"What distinguishes those of us at the starting line from those of us on the couch is that we learn through running to take what the days give us, what our body will allow us, and what our will can tolerate."
~ John Binghan
Today marks an important day for me. Today, not one single minute went by that I wasn't thankful or happy or overcome with serene calm.
I'm always amazed how the most ordinary days can hold so much significance. I looked around today and observed so many people in the throes of activity: work, conversation, and basic functions. Had they no idea? Were they totally unaware?
Today, seventeen years ago, I got a second chance.
Seventeen years ago, I lay in the Intensive Care Unit at Children's Hospital hooked to a heart-lung machine and sporting a fresh, six-inch incision down the front of my chest. I lay there unconscious, unresponsive, and unaware. Sometime in the wee hours of the morning, I rose from my slumber only to be greeted by painful breathing, excessively chapped lips, and a most disturbing feeling of nausea. Try vomiting with a freshly split sternum and spread ribs. It's not high up on my list of enjoyable adventures.
But, I overcame. I made it.
Five days later I was home, recovering well, and soaking up my new, prosthetic heart valve.
Therefore, the city of Pittsburgh holds a special place in my heart. It always will. It's a spiritual place for me.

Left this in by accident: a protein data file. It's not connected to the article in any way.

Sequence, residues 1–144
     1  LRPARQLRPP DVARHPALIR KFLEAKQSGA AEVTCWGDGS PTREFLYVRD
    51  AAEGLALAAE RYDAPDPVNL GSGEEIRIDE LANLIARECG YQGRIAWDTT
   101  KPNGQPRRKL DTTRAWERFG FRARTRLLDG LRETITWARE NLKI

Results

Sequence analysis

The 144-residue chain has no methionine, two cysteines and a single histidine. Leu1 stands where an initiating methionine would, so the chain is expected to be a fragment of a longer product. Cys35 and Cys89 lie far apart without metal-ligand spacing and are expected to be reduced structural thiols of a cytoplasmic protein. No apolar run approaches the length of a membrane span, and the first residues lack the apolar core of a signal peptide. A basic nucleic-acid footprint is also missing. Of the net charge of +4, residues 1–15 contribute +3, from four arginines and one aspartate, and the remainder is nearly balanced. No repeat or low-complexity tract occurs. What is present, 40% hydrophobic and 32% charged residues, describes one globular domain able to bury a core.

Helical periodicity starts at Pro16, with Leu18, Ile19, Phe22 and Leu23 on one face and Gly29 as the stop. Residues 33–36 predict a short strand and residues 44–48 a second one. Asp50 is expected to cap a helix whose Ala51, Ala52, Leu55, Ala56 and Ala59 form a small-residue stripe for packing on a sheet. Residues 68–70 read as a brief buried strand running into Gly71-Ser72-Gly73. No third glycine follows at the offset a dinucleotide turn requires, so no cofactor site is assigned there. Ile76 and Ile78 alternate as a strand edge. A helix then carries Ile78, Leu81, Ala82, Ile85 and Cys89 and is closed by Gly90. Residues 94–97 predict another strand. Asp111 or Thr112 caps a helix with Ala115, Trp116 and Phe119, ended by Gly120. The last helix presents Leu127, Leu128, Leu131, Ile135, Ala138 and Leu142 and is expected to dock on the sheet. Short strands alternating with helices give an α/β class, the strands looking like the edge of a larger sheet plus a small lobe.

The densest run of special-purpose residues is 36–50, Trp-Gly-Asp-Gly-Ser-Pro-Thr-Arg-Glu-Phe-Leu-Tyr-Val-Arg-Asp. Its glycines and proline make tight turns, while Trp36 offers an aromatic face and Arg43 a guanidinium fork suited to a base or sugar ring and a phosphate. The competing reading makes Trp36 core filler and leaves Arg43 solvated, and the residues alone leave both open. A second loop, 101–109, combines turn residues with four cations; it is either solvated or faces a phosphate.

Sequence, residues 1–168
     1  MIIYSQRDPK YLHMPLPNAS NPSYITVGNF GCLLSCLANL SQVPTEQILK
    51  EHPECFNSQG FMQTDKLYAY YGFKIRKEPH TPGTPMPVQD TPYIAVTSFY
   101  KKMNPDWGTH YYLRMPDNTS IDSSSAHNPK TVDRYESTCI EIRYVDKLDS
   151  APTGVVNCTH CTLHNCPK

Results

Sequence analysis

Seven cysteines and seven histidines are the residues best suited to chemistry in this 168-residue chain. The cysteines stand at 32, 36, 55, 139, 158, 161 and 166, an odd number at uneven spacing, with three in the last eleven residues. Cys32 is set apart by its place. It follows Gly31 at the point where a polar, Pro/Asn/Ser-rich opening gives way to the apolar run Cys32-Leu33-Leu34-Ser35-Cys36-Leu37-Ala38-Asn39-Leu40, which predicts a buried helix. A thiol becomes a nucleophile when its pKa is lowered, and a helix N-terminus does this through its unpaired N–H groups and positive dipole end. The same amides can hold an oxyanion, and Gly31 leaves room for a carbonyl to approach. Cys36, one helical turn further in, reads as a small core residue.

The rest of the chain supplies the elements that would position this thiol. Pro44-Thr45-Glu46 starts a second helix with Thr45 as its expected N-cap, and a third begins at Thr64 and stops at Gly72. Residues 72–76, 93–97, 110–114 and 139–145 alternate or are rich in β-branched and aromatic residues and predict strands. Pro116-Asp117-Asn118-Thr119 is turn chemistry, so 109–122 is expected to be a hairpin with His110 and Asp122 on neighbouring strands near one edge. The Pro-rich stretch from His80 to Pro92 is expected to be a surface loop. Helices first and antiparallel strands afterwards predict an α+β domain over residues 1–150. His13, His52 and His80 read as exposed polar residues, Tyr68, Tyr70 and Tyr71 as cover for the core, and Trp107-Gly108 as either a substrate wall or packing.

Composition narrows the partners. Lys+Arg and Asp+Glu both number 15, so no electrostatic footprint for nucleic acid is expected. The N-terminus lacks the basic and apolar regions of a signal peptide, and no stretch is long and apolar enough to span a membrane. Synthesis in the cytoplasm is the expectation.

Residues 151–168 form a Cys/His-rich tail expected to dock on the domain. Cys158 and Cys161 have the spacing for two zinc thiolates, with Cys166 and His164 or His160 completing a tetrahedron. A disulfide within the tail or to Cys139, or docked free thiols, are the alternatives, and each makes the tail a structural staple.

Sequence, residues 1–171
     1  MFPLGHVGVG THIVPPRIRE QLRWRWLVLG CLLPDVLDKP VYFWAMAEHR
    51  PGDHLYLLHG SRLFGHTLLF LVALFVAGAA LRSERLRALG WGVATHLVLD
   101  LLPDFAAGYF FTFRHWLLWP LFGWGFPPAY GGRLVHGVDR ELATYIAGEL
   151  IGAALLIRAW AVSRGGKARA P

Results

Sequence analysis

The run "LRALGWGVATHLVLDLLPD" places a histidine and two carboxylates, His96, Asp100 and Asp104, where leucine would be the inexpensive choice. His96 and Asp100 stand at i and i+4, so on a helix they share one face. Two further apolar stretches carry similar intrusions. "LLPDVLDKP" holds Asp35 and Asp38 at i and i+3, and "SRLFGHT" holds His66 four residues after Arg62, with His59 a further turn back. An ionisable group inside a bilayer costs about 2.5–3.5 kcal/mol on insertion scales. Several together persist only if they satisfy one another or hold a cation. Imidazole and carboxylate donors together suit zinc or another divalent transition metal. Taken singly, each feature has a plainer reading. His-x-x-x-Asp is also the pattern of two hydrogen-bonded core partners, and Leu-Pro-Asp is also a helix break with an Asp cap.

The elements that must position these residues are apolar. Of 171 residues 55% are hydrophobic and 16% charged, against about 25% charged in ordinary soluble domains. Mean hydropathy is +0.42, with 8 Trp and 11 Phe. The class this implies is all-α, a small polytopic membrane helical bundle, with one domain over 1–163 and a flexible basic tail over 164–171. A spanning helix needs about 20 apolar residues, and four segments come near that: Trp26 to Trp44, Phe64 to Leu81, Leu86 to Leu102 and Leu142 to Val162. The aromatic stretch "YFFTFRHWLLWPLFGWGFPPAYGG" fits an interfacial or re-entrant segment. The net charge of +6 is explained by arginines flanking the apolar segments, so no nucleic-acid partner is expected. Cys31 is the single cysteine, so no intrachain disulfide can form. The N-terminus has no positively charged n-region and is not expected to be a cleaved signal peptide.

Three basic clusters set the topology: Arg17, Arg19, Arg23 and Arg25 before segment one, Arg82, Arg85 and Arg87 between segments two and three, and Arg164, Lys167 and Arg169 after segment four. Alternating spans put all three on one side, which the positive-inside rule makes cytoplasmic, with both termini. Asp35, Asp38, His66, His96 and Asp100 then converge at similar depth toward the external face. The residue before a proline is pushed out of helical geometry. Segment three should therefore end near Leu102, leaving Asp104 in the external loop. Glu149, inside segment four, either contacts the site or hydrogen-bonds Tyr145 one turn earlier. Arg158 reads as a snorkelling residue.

You see, I remember looking out the window of my Children's Hospital room and watching people walk and run and hang out on Forbes Avenue. I enjoyed (eye roll) daily 30 minute wheelchair outings, where I envied the people who ambled up and down the streets. Me? I enjoyed months of highly restricted bed rest. Well, bed rest and 30 minutes of wheelchair time each day. Swell. Just swell.
But, Children's Hospital of Pittsburgh healed me. The doctors worked their magic and made me healthy.
Then, seven years later, I attended college in Pittsburgh. Those four years go down as some of the best in my entire life. Not only that, but I was given the ability and tools to do what I love most-- work with children. Teach them. Learn with them.
Duquesne University taught me. The University gave me my life's work.
As you can see, between healing me and teaching me, Pittsburgh holds a most special place in my heart. Last year, after I ran the Pittsburgh half-marathon, I knew I wanted more. With each tired step, I thought of how I needed to conquer that city, yet at the same time "thank" it. I knew I had to make the next leap and climb the bigger mountain.
So, today, on the seventeenth anniversary of my open heart surgery, I signed up to run the Pittsburgh Marathon,all 26.2 miles.
We only get one spin on the merry-go-round of life.
Make it a most amazing spin.